Remains of the 17th century Queen Ketevan will go on display at museum and religious venues and will be on public view for history enthusiasts and the faithful for six months.

An announcement by the Ministry of Culture and Monument Protection of Georgia revealed the news earlier today, but did not specify when the occasion would take place.

A Georgian-based replica of a panoramic display of the torture of Queen Ketevan from the Convento da Graca Church in Portugal’s capital Lisbon. Photo: Embassy of Georgia in Portugal.

The queen’s remains will go on display at the Georgian National Museum as well as the Holy Trinity Cathedral in Tbilisi and Orthodox Church eparchies across the country.

While museum-goers and church followers visit the venues hosting the remains, an international conference will bring together historians and experts from cultural agencies to discuss research and conservation efforts related to the legacy of the queen.

Known as Ketevan the Martyr after she was posthumously canonised by Patriarch Zachary of Georgia in the 17th century, the queen was tortured and killed in the Persian city of Shiraz in 1624 at the hands of Shah Abbas I of Persia.

She ended up in Persian captivity in 1614 after embarking on the trip to negotiate with the shah before surrendering herself in a bid to prevent an imminent Persian invasion of the East Georgian Kingdom of Kakheti.

She was tortured and killed after refusing to renounce her Christian faith and convert to Islam while in captivity. The torture was witnessed and documented by Catholic missionaries from Portugal, who later secretly excavated her body and transferred it to an Augustine monastery in Isfahan.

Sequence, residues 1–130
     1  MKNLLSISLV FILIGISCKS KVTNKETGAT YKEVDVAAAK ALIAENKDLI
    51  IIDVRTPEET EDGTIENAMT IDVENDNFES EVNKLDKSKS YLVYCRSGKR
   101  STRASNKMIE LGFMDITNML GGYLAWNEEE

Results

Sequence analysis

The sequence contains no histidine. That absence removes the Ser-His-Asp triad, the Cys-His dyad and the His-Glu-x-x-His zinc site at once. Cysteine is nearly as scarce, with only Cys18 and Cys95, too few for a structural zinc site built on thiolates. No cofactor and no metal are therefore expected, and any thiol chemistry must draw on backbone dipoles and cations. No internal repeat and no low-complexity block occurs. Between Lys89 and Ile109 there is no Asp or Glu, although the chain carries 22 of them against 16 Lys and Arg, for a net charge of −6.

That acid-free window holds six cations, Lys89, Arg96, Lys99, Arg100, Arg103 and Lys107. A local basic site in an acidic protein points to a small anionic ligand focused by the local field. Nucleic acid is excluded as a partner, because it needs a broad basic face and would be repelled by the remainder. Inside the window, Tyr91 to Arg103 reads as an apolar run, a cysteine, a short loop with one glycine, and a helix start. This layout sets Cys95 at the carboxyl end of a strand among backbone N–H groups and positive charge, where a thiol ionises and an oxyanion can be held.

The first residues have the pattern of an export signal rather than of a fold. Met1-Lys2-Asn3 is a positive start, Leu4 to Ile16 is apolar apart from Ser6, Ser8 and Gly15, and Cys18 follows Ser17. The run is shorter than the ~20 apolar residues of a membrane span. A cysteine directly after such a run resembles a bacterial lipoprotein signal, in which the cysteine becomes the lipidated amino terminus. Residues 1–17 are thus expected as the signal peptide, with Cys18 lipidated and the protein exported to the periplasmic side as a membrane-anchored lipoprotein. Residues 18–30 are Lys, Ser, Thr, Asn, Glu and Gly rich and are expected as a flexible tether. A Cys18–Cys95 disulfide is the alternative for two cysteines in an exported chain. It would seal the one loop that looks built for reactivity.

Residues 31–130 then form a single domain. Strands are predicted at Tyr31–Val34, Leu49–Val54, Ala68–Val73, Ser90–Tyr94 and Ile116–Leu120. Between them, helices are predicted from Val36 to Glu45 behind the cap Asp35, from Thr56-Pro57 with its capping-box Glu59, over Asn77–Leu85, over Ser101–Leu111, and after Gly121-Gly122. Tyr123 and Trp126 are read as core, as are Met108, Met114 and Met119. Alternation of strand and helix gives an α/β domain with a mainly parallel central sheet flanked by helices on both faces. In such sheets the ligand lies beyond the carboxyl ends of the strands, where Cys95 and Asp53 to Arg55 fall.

Later some of the regent’s remains were brought to Georgia, where they were preserved at the Alaverdi Cathedral until 1723, when they were lost.

Some of the other remains ended up in a Church of St. Augustine in Goa, India, as well as in Vatican and Belgium.

The 1624 torture of the queen represents a significant historical event for Christianity and the Georgian Orthodox Church. Photo: Embassy of Georgia in Portugal.

Following the collapse of the Goa church in the 19th century, the remains preserved there went missing until 2013, when the magazine Archaeology released information on unidentified remains found among the ruins of the monastery.

The magazine said a DNA analysis of bones discovered in the location showed the remains indicated a Georgian origin, thereby linking them to Queen Ketevan.

The talks on transporting the queen’s remains to Georgia have involved efforts from the National Agency for Cultural Heritage Preservation of Georgia.

The agency has also been involved in a restoration of a historical panoramic tile panel, depicting the 1624 torture of the queen in Persia and preserved at the Convento da Graca Church in Portugal’s capital Lisbon.

Created by Portuguese experts in the late 17th Century using faience and porcelain tiles, the panoramic display was commissioned by the Catholic Church and later discovered in Lisbon by Georgian scientists and religious figures.

The National Agency for Cultural Heritage Preservation of Georgia supported the restoration of the panoramic tile panel in 2015, while a replica was created and transported to Georgia.